Alums Production and Uses

Alum crystals

1. The History of Alum

Alum, recognized as a double salt of potassium and aluminum sulfates, was known among the ancient Greeks and Romans as both an astringent and a mordant for wool dyeing. It found diverse application, extending to skin processing, preservation of both animal and human remains, and for fireproofing wood.

In the 16th century, Paracelsus was the pioneer in distinguishing alum from iron vitriol. In the 18th century, Chaptal and Vauquelin established that alum could be produced from aluminum sulfate and potassium sulfate and that potassium ion could be replaced by ammonium.

During the Middle Ages, the alum industry was important and relied on materials like alum stone (alunite) or alum shale. Alum stone contained the necessary components in the correct proportions, and its processing involved roasting and leaching.

By roasting, aging, and leaching alum shale, an aluminum solution can be produced and when treated with alkali forms alum precipitation.

The significance of industrial alum production diminished with the emergence of economically viable methods to produce high-purity aluminum sulfate, where the aluminum content had practical importance.

Many alum production techniques now hold limited or historical value. Raw materials like clay, alkali-containing silicates, especially bauxite, were employed, and digestion with alkali or acid was conducted.

Today, alums are exclusively produced from aluminum hydroxide, derived from bauxite by the Bayer process.

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2. General Properties of Alums

1. General Formula of Alums: Alums are crystalline double salts with the formula (cation 1)3+ (cation 2)3+ (anion2-)2 • 12 H2O. The most common alums contain trivalent aluminum cations and sulfate anions, denoted as M+Al3+(SO2-)4 • 12 H2O.

2. Component Replacement: The components of alums can be replaced while maintaining the crystalline structure and water content. Alums with different trivalent metal cations can be iron, chromium, cobalt, manganese, titanium, vanadium, gallium, indium, scandium, rhodium, and iridium. The monovalent component can be alkali metals, ammonium, alkylammonium, arylammonium, or thallium.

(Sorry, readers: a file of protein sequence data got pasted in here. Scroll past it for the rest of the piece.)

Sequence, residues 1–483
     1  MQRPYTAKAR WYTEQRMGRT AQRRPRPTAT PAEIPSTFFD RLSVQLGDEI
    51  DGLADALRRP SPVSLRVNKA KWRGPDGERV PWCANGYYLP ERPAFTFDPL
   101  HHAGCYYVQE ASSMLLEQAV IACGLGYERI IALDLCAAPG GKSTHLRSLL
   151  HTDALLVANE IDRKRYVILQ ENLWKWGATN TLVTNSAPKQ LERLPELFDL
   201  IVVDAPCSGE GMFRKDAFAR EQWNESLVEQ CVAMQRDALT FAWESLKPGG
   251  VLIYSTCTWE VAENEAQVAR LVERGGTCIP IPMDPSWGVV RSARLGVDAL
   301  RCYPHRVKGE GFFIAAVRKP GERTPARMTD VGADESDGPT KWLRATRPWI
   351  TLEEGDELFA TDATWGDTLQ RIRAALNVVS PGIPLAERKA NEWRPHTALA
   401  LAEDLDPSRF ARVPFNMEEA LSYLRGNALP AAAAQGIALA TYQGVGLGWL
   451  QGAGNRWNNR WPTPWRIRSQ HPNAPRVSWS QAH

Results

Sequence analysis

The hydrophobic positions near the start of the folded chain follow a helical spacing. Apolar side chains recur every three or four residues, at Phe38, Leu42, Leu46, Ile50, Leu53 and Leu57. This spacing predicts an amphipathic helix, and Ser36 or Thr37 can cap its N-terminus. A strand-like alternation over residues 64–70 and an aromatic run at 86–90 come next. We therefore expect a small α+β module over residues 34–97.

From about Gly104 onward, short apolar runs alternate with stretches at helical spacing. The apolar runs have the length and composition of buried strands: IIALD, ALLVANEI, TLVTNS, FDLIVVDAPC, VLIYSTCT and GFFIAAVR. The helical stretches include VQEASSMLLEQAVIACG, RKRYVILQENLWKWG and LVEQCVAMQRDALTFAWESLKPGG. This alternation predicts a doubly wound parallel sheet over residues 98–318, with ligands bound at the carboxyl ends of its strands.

3. Crystal Structure: Alums crystals are octahedral or cubic  with strong light refraction.

4. Properties: Alums possess an astringent taste and exhibit properties such as rot-proofing and protein precipitation.

5. Chemical Behavior: When dissolved in water, alums display chemical properties inherent to their components. In very dilute solutions, physical properties like color, electrical conductivity, and freezing-point depression are additive. However, at higher concentrations, complex formations such as [Al(SO4)2 • (H2O)2]- can occur.

6. Solubilities: Solubilities of alums in water decrease from sodium to cesium.

7. Heating Effects: Alums lose their water of crystallization partially or completely when heated. Yet, they can reabsorb some of this water under normal temperature and humidity conditions.

3. Potassium Aluminum Sulfate

Potassium aluminum sulfate, is also known as potassium alum has the chemical formula KAl(SO4)2 • 12 H2O and the molecular weight of 474.4 g/mol. This compound and ammonium aluminum sulfate are the longest-known aluminum compounds.

Potassium alum can be found in nature as an efflorescence on alum shale and in volcanic regions on trachyte and lava as feather alum.

In its natural state, potassium alum forms large, colorless, transparent octahedral crystals that have a melting point of 92.5 °C due to their inherent water of crystallization.